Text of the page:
EPA has entered into agreements with the following foreign governments to promote specific ENERGY STAR qualified products in their markets. These partnerships are intended to unify voluntary energy-efficiency labeling programs in major global markets and make it easier for partners to participate by providing a single set of energy-efficiency qualifications, instead of a patchwork of varying country-specific requirements. Organizations that partner with our international Partners to sell ENERGY STAR qualified products in other countries are held to the same technical or eligibility requirements as the U.S. program.
EPA is interested in advancing product efficiency globally through international harmonization efforts and is currently working with a number of countries to advocate this. EPA recognizes the cost to manufacturers to participate in voluntary programs and comply with mandatory efficiency requirements, and with governments to monitor these programs and maintain a positive consumer experience with energy efficient products. Therefore, EPA is interested in working with countries, including those that have not signed an ENERGY STAR partnership agreement, to harmonize product energy efficiency metrics and applicable test methods. EPA believes that a program should be tailored to its own market and efficiency levels should be set on a country-by-country basis, due to varying market and technology factors across countries.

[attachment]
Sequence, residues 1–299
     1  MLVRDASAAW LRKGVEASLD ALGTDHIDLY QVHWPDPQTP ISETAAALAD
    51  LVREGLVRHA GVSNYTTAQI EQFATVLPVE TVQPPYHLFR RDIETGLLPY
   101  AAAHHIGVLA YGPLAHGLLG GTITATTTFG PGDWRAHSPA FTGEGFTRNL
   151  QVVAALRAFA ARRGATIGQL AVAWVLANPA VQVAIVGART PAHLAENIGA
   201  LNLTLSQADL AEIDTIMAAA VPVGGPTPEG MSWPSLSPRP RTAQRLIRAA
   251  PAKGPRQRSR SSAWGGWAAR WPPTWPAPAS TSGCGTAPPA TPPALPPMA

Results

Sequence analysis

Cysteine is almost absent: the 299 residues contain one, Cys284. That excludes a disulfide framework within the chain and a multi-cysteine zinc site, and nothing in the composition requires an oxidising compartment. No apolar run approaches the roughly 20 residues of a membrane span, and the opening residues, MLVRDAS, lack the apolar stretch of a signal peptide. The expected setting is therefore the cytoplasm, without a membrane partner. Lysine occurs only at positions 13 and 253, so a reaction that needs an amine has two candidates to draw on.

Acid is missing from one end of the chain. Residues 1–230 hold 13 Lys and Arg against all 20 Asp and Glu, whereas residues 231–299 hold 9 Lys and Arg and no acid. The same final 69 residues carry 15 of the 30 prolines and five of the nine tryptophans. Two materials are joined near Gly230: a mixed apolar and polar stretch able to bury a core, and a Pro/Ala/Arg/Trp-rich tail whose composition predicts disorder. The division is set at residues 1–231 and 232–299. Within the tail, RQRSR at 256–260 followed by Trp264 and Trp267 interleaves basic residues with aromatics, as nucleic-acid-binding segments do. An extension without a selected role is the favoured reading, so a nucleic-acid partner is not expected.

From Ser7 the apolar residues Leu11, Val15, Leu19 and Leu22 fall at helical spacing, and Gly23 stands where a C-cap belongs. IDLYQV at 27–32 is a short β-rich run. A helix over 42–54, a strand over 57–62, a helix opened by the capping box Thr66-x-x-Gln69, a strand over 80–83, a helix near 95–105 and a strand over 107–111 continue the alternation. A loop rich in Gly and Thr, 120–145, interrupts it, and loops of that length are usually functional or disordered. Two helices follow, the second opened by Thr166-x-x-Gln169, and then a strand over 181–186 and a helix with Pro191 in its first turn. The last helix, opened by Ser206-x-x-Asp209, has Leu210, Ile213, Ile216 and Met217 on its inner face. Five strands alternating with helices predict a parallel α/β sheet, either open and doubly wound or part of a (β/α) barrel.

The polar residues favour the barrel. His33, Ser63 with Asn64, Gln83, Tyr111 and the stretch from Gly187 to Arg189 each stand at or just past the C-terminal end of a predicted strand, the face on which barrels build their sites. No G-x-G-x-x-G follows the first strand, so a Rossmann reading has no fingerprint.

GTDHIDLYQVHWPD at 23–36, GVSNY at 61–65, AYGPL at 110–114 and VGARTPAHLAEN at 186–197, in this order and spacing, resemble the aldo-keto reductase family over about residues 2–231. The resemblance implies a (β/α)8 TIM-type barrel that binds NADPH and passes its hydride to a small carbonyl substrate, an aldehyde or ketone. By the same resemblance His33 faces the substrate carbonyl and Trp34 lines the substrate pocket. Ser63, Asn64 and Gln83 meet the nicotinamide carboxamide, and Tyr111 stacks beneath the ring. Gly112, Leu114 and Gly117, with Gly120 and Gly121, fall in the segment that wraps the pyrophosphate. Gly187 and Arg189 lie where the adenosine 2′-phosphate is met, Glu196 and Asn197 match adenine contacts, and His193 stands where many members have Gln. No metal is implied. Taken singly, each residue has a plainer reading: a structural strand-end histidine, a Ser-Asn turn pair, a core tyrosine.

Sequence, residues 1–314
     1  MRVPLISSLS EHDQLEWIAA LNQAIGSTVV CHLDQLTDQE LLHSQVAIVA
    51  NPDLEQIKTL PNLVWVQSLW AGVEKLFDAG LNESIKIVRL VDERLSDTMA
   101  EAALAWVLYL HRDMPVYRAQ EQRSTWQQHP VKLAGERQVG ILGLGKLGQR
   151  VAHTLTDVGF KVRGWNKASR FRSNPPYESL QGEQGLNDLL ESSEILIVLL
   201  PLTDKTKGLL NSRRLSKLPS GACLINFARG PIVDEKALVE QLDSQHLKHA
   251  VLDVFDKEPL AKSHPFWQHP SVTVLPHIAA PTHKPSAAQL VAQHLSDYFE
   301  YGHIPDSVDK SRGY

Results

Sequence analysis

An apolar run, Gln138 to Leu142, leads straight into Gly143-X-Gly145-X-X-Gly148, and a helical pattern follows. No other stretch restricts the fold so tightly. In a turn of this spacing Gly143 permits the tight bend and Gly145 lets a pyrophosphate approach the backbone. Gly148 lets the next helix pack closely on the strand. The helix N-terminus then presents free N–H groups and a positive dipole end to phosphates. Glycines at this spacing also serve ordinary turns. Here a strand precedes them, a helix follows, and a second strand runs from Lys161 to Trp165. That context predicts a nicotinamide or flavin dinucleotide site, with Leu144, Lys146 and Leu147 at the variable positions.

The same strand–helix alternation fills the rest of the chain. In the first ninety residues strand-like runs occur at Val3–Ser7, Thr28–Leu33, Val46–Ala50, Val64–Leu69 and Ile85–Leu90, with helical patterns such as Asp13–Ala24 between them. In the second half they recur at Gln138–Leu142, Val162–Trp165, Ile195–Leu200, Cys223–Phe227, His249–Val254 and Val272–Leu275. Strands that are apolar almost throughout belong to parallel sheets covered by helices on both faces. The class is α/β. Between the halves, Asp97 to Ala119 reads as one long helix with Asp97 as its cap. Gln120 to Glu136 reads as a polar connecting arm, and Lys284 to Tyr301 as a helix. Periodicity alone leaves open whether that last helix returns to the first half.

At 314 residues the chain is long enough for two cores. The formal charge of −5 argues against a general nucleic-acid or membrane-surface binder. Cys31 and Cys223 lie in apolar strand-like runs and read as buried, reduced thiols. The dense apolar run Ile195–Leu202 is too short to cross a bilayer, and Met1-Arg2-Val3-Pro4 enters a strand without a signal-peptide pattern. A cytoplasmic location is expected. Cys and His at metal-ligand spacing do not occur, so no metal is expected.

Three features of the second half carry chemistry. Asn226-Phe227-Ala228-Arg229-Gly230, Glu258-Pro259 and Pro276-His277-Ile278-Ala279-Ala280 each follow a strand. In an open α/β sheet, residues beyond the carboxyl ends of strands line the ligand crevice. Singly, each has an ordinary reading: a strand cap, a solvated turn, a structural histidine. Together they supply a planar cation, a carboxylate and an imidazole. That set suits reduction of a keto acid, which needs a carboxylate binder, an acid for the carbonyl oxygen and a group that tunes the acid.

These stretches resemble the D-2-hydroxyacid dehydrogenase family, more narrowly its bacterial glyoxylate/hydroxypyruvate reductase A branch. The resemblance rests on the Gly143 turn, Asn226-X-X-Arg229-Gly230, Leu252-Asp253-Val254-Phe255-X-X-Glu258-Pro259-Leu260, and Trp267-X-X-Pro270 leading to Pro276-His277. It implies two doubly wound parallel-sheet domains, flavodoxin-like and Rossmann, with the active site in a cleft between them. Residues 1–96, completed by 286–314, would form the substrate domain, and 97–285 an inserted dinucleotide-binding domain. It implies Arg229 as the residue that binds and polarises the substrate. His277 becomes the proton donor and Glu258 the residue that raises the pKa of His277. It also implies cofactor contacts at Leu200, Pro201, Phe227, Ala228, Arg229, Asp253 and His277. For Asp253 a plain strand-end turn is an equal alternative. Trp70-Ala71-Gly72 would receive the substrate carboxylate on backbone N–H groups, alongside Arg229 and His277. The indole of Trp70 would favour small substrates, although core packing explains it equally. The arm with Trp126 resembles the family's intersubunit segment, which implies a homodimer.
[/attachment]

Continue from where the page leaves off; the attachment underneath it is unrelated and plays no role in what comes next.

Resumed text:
Additional opportunities exist to collaborate internationally on the development of effective laboratory infrastructure, which is necessary for program and product quality assurance. Stakeholders interested in working with EPA in a similar manner can contact Chris Kent, EPA, at firstname.lastname@example.org.
The Australian Government Department of Climate Change and Energy Efficiency is currently implementing ENERGY STAR for office equipment and consumer electronics products, including computers, printers, fax machines, photocopiers, televisions, and DVD players.
Natural Resources Canada (NRCan) is implementing ENERGY STAR in Canada for a broad range of products, including office equipment, consumer electronics, heating and cooling equipment, home appliances, lighting and signage, commercial solid door refrigerators and freezers, and windows, doors, and skylights.
Contact: Ms. Dianna Miller, email@example.com
U.S. Government has a formal agreement with the European Union to implement the ENERGY STAR program for office equipment for the European markets.
Contact: EC Directorate General for Transportation and Energy, firstname.lastname@example.org
The European Free Trade Association (EFTA) is implementing ENERGY STAR in Norway, Iceland, and Liechtenstein for office equipment.
Contact: Mr. Bendik Solum Whist, BendikSolum.WHIST@efta.int
The Energy Conservation Centre, Japan (ECCJ) is implementing ENERGY STAR for office equipment on behalf of the Ministry of Economy, Trade, and Industry.